David Kirk: Looking at my answer from the question about ray-casting and lighting effects, graphics is all "fake" methods. The trick is to perform a clever fake and not get caught! All graphics algorithms do less work than the real physical universe but attempt to produce a realistic simulation.

I'll discuss FSAA and Anisotropic filtering separately.

FSAA—full scene antialiasing—implies that the full scene is completely correctly sampled. In other words, even if little tiny slivers of triangles 1/1000th of a pixel wide cover the screen, each pixel's color will be correct as if you exactly correctly divided each pixel into the area covered by each little triangle and integrated the colors. Of course, this isn't practical, and it isn't how any hardware or software works. We approximate that result using a technique known as "point sampling." We evaluate, or sample, each pixel in one or more points, and assume that will be a good estimate.

As an aside, relative to your question, this is not an "inefficient" fake method—this is an extremely efficient fake method! It's a lot less work to do a small amount point sampling than actually evaluating the area across a potentially infinite number of points. Given that we're willing to sample more than one point per pixel, it's also efficient in hardware, and faster, to assume that you can sample these points (2, 4, or more) at the same time, and process them together. This is part of the cleverness of multisample antialiasing. In the long term, I hope that display resolutions will get large enough that the amount of sampling will become less important. In the short term, though, I believe that FSAA as we know it is here to stay.

Now, on to anisotropic filtering. You know, trilinear filtering was good enough for the best of the best flight simulators for many many years, and every time you or I have been in an airplane, the pilot flying it was probably trained in a simulator that used trilinear filtering! Anisotropic filtering is a relatively subtle effect of texture filtering, allowing severely oblique-angled textures to look both sharp and smooth at the same time. It's not really a "fake" method—it's a better estimate of the "perfect" filtering than either bilinear or trilinear filtering. And, there are still better techniques beyond anisotropic filtering, but they require even more effort and hardware. Continued . . .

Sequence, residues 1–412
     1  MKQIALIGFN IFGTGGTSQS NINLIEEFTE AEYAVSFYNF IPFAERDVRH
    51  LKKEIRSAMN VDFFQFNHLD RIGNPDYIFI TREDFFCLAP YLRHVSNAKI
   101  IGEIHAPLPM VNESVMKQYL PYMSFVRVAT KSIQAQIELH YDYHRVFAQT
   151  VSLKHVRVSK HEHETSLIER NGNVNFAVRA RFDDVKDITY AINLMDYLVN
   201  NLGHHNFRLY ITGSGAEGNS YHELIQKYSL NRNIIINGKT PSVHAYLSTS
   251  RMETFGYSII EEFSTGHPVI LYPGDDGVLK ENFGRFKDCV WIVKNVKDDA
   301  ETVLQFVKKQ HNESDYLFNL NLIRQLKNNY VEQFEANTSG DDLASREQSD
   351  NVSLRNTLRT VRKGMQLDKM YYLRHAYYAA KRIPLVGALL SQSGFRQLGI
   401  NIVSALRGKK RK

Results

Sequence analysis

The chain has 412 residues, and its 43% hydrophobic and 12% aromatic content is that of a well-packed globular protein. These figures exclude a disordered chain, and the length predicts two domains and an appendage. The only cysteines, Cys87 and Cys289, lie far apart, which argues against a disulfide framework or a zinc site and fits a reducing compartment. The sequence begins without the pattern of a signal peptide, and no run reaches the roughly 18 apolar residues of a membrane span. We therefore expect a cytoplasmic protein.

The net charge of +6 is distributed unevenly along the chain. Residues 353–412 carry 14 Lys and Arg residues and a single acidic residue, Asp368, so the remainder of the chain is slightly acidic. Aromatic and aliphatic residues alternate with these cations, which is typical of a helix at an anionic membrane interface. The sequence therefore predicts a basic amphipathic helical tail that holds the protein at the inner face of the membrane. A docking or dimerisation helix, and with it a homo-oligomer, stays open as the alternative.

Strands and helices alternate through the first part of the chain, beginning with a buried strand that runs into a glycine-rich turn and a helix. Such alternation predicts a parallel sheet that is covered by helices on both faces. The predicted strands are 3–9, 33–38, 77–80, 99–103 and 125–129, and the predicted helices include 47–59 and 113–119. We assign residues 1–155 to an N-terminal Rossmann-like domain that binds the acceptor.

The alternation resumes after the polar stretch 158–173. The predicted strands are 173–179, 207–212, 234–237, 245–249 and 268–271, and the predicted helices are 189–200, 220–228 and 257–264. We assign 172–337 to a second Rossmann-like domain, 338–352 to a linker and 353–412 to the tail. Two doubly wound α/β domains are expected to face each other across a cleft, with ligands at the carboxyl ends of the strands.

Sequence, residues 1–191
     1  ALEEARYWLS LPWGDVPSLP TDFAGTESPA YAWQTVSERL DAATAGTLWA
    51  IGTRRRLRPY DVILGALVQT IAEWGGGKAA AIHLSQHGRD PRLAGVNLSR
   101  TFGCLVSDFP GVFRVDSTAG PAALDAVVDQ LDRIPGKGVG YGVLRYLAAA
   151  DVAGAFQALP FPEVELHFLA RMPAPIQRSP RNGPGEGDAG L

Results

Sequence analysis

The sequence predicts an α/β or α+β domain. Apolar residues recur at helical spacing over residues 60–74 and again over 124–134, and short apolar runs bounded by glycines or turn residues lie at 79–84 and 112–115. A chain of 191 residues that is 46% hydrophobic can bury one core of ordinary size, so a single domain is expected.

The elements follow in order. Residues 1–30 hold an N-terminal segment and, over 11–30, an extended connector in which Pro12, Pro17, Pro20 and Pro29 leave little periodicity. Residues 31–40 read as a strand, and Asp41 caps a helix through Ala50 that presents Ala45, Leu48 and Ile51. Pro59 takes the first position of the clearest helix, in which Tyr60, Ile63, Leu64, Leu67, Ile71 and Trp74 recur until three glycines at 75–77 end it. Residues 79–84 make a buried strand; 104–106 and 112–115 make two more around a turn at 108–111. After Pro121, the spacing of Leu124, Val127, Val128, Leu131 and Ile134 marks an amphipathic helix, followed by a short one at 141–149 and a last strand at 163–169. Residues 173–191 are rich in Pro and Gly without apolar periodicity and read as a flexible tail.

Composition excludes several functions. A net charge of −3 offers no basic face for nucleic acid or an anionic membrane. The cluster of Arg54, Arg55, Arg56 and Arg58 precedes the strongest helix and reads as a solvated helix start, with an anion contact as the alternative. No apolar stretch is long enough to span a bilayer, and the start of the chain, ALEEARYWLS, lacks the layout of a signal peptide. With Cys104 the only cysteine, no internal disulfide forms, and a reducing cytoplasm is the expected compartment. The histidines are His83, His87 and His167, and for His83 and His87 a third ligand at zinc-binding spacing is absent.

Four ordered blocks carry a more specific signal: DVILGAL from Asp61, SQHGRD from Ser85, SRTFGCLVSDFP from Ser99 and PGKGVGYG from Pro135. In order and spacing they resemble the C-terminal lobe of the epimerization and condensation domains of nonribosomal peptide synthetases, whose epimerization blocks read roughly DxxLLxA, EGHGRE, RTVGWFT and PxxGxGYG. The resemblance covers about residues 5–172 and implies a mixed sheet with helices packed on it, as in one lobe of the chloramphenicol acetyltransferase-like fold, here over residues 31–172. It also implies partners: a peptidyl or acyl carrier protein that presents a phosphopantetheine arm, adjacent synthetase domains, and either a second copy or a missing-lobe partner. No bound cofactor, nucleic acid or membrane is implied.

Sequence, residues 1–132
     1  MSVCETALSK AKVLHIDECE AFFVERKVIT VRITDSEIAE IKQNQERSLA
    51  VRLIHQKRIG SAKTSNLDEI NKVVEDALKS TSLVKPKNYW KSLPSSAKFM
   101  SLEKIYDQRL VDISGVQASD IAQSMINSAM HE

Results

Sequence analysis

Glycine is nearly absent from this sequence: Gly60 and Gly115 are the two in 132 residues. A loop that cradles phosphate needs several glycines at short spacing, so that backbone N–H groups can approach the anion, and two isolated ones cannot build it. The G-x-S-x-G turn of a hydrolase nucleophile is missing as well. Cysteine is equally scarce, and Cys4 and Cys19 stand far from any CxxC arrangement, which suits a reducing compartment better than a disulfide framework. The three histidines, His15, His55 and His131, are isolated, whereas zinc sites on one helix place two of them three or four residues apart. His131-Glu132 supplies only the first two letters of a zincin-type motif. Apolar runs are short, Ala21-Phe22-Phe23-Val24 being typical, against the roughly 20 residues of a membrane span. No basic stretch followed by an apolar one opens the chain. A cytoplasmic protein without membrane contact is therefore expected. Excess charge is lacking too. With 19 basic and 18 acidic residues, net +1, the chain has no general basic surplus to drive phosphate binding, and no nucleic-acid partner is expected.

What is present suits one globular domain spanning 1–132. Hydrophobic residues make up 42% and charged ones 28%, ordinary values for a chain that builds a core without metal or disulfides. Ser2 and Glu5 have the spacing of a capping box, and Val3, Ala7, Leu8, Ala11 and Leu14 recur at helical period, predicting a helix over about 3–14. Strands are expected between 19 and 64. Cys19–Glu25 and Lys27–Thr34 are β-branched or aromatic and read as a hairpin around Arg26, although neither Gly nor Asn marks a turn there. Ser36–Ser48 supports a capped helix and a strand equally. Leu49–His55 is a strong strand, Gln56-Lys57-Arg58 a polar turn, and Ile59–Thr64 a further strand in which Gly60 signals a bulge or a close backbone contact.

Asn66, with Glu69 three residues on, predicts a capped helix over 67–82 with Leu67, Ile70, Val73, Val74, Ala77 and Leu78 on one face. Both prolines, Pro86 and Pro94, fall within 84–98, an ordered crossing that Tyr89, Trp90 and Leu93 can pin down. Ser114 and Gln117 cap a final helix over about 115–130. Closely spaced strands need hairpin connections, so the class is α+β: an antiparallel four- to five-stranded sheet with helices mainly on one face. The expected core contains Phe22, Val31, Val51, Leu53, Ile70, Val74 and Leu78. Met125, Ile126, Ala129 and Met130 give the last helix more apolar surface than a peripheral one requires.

Reader Question: What is your opinion about some the new graphical features that are being implemented in games? Some are quite beneficial to GPU performance, such as normal-map compression and virtual displacement mapping. But others are very costly to performance, specifically high-dynamic-range lighting. After seeing the extreme over-saturation of light with HDR in Far Cry (even on the lower levels of HDR) and the performance hit it took, I personally am not convinced that HDR is a method that should be pursued any longer. What are your opinions on this subject?—cfee2000

David Kirk: I think that High Dynamic Range Lighting is going to be the single most significant change in the visual quality over the next couple of years. It's almost as big as shading.